• Pass/Fail, audit, and Special Problems courses cannot be used to satisfy Group I and Group II requirements.
  • To determine the TIA of a course, students may examine the Projected Course Schedule available on the Graduate Website.

Group III (Minor): 9 Hours outside ECE as a Minor Field of Study
A minor consists of nine credit hours of courses in a single discipline (e.g. Math, Physics, Mechanical Engineering, etc.). 4000 level or higher classes may be taken subject to the following guidelines:

  • Minors are expected to be in subject areas that enhance and relate to Ph.D. students’ research. Students may choose Math, CS, any non-ECE engineering or science discipline. Other fields would need to be approved by the ECE Graduate Committee. Minor courses in non-technical areas (for example, Management) need special approval. Classes that are part of the TI:GER program in the Scheller College of Business can be used towards the Ph.D. minor.
  • Minor courses cannot be cross-listed with ECE classes.
  • All minor courses must be taken for letter grade.
  • 6000 level minor courses are preferred, 4000 level or a combination of 4000 and 6000 level courses will be considered for approval, provided the overall degree requirements are met.
  • Math and CS are the most popular Ph.D. minors for ECE students. A list of recommended CS and undergraduate Math courses are listed on the ECE website .

  • Approval of the minor courses is secured from the ECE Graduate Affairs Office via the web-based Ph.D. coursework completion plan on the ECE website. When all the coursework is completed, Ph.D. minors are submitted by the ECE Academic Affairs Office to the Georgia Tech Graduate Studies – VPR office for approval.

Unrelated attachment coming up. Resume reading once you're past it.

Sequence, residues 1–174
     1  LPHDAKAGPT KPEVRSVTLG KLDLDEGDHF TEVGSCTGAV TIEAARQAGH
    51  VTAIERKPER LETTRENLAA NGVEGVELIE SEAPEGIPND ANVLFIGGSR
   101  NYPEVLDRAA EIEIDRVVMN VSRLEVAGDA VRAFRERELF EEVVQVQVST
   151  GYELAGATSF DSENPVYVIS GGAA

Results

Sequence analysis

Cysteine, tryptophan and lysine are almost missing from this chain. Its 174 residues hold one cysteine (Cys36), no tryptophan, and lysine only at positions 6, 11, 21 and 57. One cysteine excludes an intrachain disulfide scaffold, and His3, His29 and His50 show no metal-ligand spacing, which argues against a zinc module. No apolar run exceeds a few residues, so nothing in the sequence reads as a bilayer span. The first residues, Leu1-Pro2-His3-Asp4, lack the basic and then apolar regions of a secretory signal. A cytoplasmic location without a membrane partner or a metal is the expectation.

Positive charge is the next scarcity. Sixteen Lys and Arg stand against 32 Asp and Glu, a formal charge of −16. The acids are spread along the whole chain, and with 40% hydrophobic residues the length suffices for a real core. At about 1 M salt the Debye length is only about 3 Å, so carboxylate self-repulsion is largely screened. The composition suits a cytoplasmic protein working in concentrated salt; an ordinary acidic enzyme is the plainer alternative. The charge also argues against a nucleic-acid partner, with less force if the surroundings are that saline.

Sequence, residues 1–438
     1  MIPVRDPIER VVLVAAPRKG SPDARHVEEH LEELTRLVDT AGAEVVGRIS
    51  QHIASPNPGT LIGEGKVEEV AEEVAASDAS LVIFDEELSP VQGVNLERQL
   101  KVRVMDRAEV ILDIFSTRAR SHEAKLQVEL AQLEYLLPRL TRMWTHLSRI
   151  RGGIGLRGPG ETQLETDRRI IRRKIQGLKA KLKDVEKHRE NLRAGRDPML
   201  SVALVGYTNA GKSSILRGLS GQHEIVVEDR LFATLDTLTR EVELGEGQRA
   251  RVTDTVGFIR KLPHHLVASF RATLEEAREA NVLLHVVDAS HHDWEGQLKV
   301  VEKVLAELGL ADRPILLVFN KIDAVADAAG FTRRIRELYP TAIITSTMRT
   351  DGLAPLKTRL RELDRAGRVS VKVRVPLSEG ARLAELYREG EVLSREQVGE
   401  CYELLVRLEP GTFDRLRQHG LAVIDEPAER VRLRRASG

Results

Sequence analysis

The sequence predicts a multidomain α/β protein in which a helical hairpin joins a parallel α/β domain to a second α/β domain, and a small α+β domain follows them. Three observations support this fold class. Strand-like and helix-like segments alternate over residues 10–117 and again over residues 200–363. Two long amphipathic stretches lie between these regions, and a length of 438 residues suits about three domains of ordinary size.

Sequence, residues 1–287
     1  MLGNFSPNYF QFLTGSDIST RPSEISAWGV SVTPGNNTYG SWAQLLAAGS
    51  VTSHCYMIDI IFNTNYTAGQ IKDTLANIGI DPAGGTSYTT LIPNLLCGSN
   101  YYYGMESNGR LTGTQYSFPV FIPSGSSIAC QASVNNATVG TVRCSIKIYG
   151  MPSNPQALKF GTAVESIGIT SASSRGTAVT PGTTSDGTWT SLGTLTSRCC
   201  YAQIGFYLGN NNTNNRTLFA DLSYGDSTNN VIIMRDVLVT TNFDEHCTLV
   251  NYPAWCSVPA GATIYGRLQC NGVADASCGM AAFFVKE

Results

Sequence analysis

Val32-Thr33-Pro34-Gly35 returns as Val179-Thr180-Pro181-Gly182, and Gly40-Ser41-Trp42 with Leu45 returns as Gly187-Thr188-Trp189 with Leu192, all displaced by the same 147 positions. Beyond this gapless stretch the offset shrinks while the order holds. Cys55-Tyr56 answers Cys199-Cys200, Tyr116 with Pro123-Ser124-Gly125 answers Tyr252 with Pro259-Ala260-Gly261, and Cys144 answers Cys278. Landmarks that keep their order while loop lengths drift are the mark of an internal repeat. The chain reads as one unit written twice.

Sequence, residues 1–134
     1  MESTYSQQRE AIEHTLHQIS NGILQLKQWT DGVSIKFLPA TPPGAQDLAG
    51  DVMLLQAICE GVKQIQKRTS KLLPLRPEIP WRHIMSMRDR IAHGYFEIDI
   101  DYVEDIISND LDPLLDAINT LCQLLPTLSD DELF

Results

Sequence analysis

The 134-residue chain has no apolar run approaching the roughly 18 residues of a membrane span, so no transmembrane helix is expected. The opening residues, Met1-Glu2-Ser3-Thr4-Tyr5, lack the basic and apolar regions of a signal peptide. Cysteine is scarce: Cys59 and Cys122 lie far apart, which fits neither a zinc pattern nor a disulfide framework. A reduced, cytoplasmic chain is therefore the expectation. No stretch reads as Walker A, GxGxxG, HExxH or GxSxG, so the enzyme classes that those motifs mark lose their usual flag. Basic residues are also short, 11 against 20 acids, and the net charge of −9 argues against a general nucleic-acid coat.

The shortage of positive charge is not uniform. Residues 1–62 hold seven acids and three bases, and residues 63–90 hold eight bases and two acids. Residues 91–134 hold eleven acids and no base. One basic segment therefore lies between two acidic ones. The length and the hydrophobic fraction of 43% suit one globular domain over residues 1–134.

• The Ph.D. minor courses must have a minimum grade average of 3.0/4.0.


Group IV General Elective Courses

  • General electives are meant to enhance the technical background of students.  Non-technical classes should be pre-approved by the ECE Graduate Office.
  • Up to 6 credit hours of Special Problems (ECE 8901, 8902, 8903 and CS 8903) may be used as general elective courses, subject to approval by the ECE Graduate Office. Faculty supervisors must certify that the work done for these courses is not simultaneously being done for pay (as in a GRA) or for other credit (as for ECE 9000, ECE 8900, or ECE 7000). To receive approval for these courses to be counted towards the Ph.D. degree, complete the Special Problems Course Approval Form. It is expected that these courses are rigorous and the level of work is commensurate with the equivalent credit of a graduate level course.
  • Non-ECE Special Topics courses can be used for general electives.
  • Pass/fail courses cannot be used in any other Group except for Group IV General Electives. The only pass/fail hours that can be used are ECE seminars (ECE 8001, 8002, 8022 or 6792), CS/CSE seminars (CS/CSE 800x), and the RCR requirement (PHIL 6000). No more than four pass/fail hours can be used towards the Group IV General Electives.